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TiRings.com Offers Ethical Blood Diamond Alternative

As the blood diamond problem continues 10 years after the Kimberly Process was established, jewelers such as TiRings.com are starting to push alternatives like white sapphire in the hope of diminishing the human misery associated with the diamond trade.

July 21, 2010--White sapphire is now being offered by jeweler TiRings.com as a diamond replacement, in an attempt at limiting the blood diamond trade. "Blood diamond" is short-hand for diamonds which support conflict and exploitation in third world countries, a problem that continues 10 years after "conflict-free" certification measures were installed to stop the problem.

Such alternatives allow jewelry buyers to vote with their money, now that UN and diamond industry efforts to curb violence relating to the diamond trade appear to be only partially effective. People in countries such as Angola are still facing murder, extortion, kidnapping and slavery as a result of the trade.

To avoid a public relations disaster, major diamond stakeholders convened in 2000 to set up the Kimberly Process, a voluntary system of certifying "conflict-free" diamonds. However, advocacy groups such as the International Jeweltree Foundation and critics say the system is flawed and has significant loopholes.

"Just because the hype has died down, doesn\'t mean the blood diamond problem has magically disappeared," says jeweler Eric Pless, of TiRings.com. His company is one of the first to proactively offer ethical alternatives, like white sapphire, to consumers.

The Wall Street Journal recently published an article reporting from Angola, one of the world\'s largest suppliers, supporting claims that blood diamond issues continue. The article also identified the loophole in diamond certification, whereby diamonds can be misleadingly certified "conflict-free" by governments associated with the Kimberly Process. The problem, says the Wall Street Journal, is that some of those governments are corrupt and as violent as rebel groups.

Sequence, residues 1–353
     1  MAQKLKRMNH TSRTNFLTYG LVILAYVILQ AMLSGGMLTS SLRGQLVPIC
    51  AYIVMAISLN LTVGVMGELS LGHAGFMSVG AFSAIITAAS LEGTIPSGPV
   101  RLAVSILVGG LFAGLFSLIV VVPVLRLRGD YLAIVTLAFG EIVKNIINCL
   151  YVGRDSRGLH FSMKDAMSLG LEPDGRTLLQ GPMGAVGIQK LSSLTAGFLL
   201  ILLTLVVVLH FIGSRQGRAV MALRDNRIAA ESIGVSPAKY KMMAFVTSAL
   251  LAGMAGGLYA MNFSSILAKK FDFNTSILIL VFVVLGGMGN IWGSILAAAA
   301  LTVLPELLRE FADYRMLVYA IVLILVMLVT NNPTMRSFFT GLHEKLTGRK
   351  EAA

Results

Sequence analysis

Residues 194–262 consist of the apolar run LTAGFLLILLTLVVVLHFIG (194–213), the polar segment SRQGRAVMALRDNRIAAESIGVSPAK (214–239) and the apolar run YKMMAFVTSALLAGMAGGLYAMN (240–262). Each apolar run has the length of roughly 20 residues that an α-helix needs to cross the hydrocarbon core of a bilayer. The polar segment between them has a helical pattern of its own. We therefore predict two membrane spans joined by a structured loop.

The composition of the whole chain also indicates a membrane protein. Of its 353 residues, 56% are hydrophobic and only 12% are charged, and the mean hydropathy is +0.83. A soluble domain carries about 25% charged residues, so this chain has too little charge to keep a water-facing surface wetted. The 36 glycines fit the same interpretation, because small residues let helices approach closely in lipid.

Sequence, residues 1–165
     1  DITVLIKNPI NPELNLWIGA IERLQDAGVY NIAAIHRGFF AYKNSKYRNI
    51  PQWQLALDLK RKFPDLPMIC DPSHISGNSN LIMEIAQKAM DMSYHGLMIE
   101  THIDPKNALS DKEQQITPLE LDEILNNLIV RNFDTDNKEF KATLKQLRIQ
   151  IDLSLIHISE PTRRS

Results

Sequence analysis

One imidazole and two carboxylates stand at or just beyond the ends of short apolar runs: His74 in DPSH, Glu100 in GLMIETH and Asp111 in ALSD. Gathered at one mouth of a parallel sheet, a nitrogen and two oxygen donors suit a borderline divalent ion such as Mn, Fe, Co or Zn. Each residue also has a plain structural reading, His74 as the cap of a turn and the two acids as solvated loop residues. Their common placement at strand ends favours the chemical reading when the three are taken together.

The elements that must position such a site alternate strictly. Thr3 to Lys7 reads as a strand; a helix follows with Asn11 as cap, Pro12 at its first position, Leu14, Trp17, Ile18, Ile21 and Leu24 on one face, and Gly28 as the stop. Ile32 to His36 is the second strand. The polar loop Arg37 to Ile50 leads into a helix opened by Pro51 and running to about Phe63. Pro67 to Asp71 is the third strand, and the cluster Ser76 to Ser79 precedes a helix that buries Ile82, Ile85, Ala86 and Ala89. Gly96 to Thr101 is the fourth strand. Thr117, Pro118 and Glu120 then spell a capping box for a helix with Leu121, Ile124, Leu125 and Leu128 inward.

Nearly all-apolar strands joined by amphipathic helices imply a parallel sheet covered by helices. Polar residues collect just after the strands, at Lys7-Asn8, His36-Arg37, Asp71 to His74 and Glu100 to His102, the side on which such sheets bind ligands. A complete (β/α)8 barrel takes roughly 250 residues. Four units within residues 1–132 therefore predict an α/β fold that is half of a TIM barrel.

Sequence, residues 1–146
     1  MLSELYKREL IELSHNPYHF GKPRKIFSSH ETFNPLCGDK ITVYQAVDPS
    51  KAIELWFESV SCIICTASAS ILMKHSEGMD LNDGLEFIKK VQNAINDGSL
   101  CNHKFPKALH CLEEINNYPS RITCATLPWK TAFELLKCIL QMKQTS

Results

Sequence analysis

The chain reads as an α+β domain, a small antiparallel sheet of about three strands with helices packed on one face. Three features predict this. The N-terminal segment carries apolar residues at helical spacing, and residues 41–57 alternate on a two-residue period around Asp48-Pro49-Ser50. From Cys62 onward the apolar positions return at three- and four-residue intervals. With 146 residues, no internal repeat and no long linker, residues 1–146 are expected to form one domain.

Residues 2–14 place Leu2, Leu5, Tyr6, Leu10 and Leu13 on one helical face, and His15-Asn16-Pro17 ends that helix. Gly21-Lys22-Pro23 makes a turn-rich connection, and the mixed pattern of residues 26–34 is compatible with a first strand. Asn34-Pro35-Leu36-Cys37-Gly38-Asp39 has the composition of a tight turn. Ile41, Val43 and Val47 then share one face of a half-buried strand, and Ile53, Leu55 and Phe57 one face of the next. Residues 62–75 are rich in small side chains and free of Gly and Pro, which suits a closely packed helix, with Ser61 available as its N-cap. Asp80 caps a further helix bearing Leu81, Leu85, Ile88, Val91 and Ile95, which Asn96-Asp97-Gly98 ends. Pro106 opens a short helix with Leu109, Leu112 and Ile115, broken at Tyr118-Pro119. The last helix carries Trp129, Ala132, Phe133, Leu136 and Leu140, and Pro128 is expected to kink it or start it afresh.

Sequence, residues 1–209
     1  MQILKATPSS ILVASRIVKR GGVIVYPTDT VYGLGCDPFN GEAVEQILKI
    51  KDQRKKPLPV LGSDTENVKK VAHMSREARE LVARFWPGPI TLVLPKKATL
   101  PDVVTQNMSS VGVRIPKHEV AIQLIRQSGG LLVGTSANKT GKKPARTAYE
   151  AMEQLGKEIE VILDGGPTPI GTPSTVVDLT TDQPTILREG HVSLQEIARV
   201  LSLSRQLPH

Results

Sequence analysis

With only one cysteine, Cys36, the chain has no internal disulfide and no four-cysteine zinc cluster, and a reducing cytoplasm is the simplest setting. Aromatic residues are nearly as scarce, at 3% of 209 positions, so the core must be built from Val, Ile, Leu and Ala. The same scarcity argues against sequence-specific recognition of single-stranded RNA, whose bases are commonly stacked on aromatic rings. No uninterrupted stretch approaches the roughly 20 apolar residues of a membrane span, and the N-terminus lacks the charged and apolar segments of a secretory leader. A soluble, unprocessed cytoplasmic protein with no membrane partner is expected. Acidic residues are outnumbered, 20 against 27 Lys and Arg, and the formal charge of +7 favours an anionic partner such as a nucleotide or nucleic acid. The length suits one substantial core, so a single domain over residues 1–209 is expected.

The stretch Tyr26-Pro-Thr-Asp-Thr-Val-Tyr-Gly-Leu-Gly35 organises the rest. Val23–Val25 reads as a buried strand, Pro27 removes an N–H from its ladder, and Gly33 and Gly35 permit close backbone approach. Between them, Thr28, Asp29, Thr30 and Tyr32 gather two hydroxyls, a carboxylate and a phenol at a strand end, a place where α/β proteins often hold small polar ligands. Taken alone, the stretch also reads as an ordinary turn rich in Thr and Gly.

Advocacy groups also add that diamond manufacture is a multi-step process, from rough mining through to cut and polishing. Illicit diamonds are often passed between countries for this process, to hide their origins and the destination of the proceeds.

Pless suggests that the blood diamond problem is akin to dumping oil waste in the Amazon, or supporting sweatshops in Vietnam. Because people in Western countries hold much of the world\'s wealth, their spending habits can contribute to - or solve - serious problems that affect people and the environment.

"Sadly, the tradition of buying a diamond ring for an engagement is so entrenched that no jeweler can afford to boycott diamonds. But the least we can do is persuade customers to buy alternatives that don\'t contribute to the misery of so many people, and hopefully shift consumer habits."

To the naked eye, white sapphire - if cut properly - is virtually identical to a diamond. It features a similar optical dispersion rate and is rated 9 out of 10 on the Mohs scale of hardness (diamonds are rated 10). However, even for equivalent cut, carat weight and clarity, white sapphire is barely a tenth of the price of diamond, due to the inflated market demand for diamonds. Pless says that buyers who choose a white sapphire instead can have a large and spectacular gem for the cost of a small, low grade diamond.

"Personally, I don\'t wear diamonds because I don\'t want a constant reminder of atrocities like parents being macheted to death, while their children are stolen to become diamond miners for rebels and corrupt governments. Yet people are still happily sealing their vows of love with diamonds, unaware that the "conflict-free" label doesn\'t guarantee anything. If you want to feel great about your purchase, you should consider the alternatives and make choices that support human rights."